Teachers and Care

A Relational Narrative Inquiry of the Power of Education

  • Kaitlin Johnson MacEwan University


Our human process of becoming – identity formation and emerging sense of self – begins at a very young age and reaches critical points through youth’s educational life course (Grosz, 1999). Through the process of becoming, the ways through which youth deal with the challenges in their lives is potentially supported or thwarted, depending on the presence of caring adults who may act as guides, adult mentors or what can be referred to as “champions.” According to Rita Pierson (2012), a champion for youth is “an adult who will never give up on them, who understands the power of connection and insists they become the best they can possibly be.” During adolescence, the transition from elementary school to junior high can result in “heightened levels of mistrust between teachers and students, student perceptions that teachers no longer care about them, and a decrease in opportunities for students to establish meaningful relationships with teachers” (Wentzel, 1997, p.411). Therefore, the position that teachers occupy at such an integral time for youth empowerment gives these adult authorities a unique opportunity to connect with youth and to establish a relationship that can serve as a role model and a support system for these youths as they learn who they are. This project is an exploration into the relational process of teacher-student connections from the vantage point of junior high educators to better understand why and how teachers form these significant relationships with students.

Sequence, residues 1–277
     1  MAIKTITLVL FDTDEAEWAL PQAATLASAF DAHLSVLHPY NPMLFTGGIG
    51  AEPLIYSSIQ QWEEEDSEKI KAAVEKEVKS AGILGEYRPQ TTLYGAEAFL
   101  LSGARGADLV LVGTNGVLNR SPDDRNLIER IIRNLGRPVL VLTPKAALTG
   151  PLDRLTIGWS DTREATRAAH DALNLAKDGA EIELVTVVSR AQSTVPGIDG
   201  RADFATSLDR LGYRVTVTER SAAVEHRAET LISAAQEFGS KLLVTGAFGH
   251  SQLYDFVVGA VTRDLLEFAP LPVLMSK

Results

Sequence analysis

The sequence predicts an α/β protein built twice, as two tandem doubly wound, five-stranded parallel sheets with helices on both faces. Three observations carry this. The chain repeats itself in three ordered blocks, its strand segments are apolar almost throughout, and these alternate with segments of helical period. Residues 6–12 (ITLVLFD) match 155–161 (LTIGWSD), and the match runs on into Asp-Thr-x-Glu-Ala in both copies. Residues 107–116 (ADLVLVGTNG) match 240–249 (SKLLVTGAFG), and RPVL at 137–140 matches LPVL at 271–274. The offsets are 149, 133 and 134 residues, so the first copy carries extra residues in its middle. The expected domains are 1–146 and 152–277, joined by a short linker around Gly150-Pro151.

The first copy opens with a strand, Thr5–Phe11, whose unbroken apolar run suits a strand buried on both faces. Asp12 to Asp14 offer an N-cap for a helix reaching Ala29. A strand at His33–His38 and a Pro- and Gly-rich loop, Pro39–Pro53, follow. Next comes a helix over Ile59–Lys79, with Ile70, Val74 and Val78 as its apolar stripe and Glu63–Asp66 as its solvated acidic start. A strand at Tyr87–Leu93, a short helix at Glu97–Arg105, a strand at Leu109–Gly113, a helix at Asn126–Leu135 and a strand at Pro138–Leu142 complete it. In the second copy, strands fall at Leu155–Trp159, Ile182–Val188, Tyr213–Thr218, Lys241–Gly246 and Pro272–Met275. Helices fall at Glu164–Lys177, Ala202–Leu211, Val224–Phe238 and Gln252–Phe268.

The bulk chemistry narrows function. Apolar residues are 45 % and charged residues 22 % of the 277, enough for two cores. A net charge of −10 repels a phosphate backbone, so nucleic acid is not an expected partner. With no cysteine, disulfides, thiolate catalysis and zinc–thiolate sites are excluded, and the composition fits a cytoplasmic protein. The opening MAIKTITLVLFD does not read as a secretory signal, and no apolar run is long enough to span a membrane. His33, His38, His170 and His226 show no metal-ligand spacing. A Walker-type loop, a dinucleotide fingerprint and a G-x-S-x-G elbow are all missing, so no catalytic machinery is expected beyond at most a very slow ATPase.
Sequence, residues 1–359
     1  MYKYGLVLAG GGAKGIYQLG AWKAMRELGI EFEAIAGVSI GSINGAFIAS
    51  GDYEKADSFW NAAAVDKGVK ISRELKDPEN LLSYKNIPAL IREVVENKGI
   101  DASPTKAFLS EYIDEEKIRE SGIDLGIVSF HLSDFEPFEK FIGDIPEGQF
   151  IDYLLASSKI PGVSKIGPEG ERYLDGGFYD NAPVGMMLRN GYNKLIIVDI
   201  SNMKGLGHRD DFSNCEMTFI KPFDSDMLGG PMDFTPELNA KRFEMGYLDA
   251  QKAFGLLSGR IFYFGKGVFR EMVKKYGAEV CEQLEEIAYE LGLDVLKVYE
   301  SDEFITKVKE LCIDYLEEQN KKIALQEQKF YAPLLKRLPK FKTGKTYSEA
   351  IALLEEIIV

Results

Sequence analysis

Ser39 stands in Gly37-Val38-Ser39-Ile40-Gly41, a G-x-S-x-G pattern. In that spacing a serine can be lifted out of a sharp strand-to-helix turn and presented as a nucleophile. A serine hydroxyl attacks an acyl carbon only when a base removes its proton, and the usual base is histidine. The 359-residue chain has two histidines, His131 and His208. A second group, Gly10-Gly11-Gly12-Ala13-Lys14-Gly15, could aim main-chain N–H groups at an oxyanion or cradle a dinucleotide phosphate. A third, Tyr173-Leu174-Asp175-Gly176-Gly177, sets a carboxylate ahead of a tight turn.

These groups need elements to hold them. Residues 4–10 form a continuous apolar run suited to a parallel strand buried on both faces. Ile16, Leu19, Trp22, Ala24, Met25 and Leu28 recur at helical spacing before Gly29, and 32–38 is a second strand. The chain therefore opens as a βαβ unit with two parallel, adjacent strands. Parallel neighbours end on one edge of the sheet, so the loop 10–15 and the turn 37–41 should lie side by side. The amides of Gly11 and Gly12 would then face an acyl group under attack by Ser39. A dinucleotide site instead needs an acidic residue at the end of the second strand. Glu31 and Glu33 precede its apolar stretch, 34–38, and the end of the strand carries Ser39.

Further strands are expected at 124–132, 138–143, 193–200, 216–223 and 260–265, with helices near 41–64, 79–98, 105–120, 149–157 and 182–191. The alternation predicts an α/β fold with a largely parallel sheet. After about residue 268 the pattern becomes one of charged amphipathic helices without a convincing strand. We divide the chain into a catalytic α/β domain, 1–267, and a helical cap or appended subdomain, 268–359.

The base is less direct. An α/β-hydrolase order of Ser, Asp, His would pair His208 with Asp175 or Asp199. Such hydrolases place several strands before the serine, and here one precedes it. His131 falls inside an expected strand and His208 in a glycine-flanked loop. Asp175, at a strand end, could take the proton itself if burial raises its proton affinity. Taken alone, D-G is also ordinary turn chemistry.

Faculty Mentor: Joanne Minaker

Department: Sociology (Honours)